Diversifying Aruba’s Tourism Industry Through Sustainability Including Culture, Creativity and Innovation for the Future

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It has not been a secret that Aruba is experiencing though situations related to the migratory crisis of its neighbor country, Venezuela. The CEO of the Aruba Tourism Authority (ATA), Ms. Ronella Tjin Asjoe – Croes stated that the Venezuelan market, which alongside the North American market (USA and Canada) were the major touristic markets visiting the island, is currently considered to have a dormant status. This shift was thankfully consolidated with the increasing demand of the North American market, which allowed Aruba to maintain and continuously grow as one of the leading touristic destinations in the Caribbean. However, besides these developments, the discourse has been very strong within the Aruban community on what the tourism industry will mean for the island as we consider the demotivating evolvement of the oil refinery industry, and the increasing attention to the environment and the Aruban natural heritage. The island is torn on the issue, not knowing if tourism should expand, be limited or maintained as is.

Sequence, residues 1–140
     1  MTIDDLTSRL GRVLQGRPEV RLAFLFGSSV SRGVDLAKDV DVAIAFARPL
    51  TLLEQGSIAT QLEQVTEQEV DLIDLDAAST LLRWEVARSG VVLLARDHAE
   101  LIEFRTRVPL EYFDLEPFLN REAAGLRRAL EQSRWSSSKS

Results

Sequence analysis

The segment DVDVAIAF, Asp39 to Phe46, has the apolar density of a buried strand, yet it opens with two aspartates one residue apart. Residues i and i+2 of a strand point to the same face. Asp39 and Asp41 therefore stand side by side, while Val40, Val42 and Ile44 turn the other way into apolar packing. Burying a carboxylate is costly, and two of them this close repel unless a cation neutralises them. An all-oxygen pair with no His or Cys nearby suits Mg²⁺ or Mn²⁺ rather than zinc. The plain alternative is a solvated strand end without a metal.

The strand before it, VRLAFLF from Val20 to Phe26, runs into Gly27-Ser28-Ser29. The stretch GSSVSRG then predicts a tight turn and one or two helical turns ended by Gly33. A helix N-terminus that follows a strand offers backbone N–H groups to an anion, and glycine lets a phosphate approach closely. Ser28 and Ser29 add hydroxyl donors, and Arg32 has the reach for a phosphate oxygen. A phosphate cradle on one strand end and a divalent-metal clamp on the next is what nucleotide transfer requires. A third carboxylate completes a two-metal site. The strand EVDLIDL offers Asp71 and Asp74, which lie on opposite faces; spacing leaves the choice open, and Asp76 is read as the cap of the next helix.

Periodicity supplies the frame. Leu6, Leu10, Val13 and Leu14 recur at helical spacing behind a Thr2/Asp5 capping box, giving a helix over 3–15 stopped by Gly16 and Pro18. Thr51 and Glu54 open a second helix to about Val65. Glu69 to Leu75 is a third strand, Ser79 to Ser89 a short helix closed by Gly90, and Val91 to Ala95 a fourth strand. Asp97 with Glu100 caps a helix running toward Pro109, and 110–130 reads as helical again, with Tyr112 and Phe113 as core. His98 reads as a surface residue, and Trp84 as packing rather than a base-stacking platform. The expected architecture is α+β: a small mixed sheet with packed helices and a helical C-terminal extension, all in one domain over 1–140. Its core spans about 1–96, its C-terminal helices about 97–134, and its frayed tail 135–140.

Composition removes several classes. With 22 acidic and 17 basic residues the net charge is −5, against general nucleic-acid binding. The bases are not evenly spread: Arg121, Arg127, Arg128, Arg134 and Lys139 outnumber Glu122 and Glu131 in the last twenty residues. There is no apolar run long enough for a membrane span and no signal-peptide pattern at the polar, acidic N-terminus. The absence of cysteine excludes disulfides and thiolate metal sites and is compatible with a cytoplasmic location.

The government of Aruba and ATA have both expressed that one way we could diversify within the tourism industry is to venture into other niche markets, such as cultural tourism, medical tourism, adventure tourism, eco-tourism etc. In the report “Cu Mira pa Futuro” in 2017 (With an Outlook to the Future) the ATA shared their strategic objectives as desiring a balanced development, increasing the economic value of tourism, developing a sense of place, developing an innovation mindset and increasing community engagement. From an incubator session between the University of Aruba (UA) and the Educacion Profesional Intermedio (EPI) in 2017, key areas of concern for Aruba as a destination include, the lack of innovation, other developments, the business climate, safety and the lack of culture. Also, from town hall sessions in San Nicolas in 2017, it seems that 87% of the community does not want further development of hotels on the island, 98% of the community does not want more all-inclusive hotels on the island, and 92% of the community does not want further time share development of the island. However, 73% would like to see the development of boutique hotels on the island. Considering the exit survey ATA executes, only 1% of the tourists spend on local arts and culture, which is can be considered low, or just an opportunity to expand and attract a market of people who want a cultural experience rather than laying on the beach their entire stay.